Elders run a higher risk of health problems and injuries related to winter weather, including hypothermia, frostbite, and falls in ice and snow. They are especially susceptible to cold weather because they have less body fat, less efficient circulation and a slower metabolism.
Elders are at an increased risk of hypothermia because their body’s response to cold can be diminished by certain illnesses such as diabetes and some medicines, including over-the-counter cold remedies. According to Centers for Disease Control (CDC), more than half of hypothermia deaths are among elders. For an elder, a body temperature of 95 degrees or lower can cause health problems, such as a heart attack, kidney problems, liver damage, or worse. It can be difficult to recognize hypothermia in elders because elders tend to shiver less or not at all when their body temperature drops.
Hypothermia can even occur indoors if the temperature inside isn’t warm enough. Elders should keep their thermostats above 65 degrees, dress warmly and seek assistance through the Low-Income Home Energy Assistance Program (LIHEAP) if they lose heating. LIHEAP is a federally funded assistance program that helps low-income families stay warm during winter and cool during summer. Help can also be found from the National Energy Assistance Referral service at 1-866-674-6327 or by emailing the National Energy Assistance Referral project.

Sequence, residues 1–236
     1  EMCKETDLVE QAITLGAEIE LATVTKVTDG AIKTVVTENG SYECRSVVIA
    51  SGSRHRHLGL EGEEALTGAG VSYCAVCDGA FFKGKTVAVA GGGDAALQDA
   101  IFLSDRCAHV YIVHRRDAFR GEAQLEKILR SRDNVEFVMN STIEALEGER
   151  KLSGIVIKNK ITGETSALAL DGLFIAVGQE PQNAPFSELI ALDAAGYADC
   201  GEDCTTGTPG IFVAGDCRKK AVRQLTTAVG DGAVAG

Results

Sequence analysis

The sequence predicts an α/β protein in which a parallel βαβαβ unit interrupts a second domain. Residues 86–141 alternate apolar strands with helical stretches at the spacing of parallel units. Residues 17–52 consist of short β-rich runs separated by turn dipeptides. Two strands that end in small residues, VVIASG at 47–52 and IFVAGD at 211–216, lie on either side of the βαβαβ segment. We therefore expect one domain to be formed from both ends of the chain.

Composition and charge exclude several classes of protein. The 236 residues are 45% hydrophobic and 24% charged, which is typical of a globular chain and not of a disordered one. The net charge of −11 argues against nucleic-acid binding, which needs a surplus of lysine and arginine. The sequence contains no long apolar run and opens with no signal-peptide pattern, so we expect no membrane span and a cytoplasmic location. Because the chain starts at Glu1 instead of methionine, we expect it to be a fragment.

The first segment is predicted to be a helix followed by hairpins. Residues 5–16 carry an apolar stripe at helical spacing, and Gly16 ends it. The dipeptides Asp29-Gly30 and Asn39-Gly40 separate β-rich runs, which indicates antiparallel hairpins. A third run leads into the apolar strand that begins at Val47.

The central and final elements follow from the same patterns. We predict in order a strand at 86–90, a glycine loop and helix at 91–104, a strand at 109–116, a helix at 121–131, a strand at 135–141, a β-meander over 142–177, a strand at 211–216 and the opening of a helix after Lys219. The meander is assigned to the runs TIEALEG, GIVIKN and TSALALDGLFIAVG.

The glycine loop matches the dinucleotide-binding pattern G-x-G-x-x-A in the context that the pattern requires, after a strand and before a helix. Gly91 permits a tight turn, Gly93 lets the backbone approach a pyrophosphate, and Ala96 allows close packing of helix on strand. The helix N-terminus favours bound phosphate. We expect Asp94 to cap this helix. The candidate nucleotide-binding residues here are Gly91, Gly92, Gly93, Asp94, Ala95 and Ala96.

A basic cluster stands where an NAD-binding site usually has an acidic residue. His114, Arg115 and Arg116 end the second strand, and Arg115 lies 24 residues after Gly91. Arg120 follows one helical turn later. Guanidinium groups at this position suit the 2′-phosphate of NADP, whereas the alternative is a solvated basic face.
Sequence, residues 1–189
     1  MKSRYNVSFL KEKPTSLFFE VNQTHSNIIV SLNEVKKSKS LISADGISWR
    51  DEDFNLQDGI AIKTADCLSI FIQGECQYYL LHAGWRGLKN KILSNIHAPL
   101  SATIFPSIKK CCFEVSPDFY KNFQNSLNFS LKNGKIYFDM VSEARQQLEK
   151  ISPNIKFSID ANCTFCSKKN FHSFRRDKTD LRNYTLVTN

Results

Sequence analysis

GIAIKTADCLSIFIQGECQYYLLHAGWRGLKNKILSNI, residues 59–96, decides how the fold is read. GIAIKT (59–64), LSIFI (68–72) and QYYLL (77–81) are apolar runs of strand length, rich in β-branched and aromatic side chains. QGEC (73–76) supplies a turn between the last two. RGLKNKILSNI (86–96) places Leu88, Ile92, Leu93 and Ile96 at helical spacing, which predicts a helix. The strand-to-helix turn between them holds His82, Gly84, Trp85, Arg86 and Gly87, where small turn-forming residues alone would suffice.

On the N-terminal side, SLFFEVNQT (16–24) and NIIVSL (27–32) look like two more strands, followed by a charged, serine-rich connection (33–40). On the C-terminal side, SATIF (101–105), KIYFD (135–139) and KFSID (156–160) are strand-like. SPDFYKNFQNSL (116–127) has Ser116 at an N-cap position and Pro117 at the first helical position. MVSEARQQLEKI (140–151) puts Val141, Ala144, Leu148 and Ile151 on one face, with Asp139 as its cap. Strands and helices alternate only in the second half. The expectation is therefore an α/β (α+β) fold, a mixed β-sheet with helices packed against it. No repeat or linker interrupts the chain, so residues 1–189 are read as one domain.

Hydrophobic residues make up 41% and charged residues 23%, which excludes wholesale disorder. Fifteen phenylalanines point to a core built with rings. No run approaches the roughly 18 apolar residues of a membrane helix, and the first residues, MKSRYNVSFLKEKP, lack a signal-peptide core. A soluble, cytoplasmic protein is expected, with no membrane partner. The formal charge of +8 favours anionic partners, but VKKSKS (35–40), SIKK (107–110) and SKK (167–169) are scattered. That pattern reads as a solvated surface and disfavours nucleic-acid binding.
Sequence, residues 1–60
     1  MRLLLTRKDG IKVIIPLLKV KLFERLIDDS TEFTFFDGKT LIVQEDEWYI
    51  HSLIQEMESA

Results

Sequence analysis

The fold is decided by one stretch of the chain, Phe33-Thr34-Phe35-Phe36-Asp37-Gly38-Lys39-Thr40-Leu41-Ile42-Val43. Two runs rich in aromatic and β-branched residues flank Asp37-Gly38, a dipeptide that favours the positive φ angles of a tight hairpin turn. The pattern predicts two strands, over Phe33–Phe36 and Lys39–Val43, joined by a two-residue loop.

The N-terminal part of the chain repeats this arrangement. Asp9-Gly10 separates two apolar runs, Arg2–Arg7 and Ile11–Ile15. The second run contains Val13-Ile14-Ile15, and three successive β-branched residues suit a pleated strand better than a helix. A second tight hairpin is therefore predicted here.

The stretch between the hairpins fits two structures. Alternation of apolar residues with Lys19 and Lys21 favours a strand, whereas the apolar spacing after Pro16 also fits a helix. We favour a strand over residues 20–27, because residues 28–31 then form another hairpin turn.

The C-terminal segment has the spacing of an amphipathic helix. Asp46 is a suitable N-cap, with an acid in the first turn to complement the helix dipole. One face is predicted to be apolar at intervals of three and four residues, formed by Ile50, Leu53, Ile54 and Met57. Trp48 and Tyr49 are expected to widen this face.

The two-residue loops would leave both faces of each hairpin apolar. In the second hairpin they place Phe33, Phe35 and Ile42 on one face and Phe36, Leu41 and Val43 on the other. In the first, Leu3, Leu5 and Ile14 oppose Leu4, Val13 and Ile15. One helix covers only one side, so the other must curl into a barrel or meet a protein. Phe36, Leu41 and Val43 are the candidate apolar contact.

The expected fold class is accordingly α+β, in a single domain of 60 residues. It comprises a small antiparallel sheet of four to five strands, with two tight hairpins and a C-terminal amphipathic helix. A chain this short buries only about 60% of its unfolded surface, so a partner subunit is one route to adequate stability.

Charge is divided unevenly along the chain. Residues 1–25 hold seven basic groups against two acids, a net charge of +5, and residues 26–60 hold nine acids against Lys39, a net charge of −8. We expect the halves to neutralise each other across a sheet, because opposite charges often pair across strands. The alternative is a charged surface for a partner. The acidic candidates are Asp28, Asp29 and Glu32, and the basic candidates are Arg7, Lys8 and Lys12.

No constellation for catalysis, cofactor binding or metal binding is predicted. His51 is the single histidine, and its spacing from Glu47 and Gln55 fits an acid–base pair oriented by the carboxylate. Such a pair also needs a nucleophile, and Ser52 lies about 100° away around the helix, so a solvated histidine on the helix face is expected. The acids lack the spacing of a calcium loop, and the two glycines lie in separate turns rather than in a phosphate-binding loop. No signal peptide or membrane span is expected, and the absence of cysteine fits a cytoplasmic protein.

People over age 60 are also at higher risk of getting the flu due to weaker immune systems. The CDC estimates that between 70 and 85 percent of seasonal flu-related deaths occurred in people 65 years and older during the previous flu seasons. Between 54 and 70 percent of seasonal flu-related hospitalizations occurred in that age group as well.
Elders with heart disease and other circulation problems are at a higher risk of frostbite. Frostbite is most likely to occur on body parts that are far away from the heart, like ears, fingers, toes, nose, cheeks or chin. When it’s cold outside, your heart works double time to keep you warm. Strenuous activities like shoveling snow may put too much strain on your heart, especially if you have heart disease. Shoveling can also be dangerous if you have problems with balance or have osteoporosis. Elders should ask their healthcare provider whether shoveling is safe for them.
Slips on the ice are a major risk for elders in winter. Make sure steps and walkways are clear before you walk. Either clear the snow and salt your walkways at home or hire someone to do it. Look out for wet pavement as it could be iced over. Wear boots with non-skid soles to prevent slipping. If you use a cane, replace the rubber tip before it is worn smooth. Consider an ice pick-like attachment that fits on the end of the cane for additional traction.
The low light conditions of winter can exacerbate Sundowners Syndrome for elders with Alzheimer’s disease and other forms of dementia. Sundowners Syndrome increases agitation, anger, confusion and memory loss during the evening hours. The season’s low light can disrupt the body’s internal clock (known as circadian rhythms). Additionally, vision can become more challenging for elders as the sun goes down and the quality of light diminishes, and shadows increase.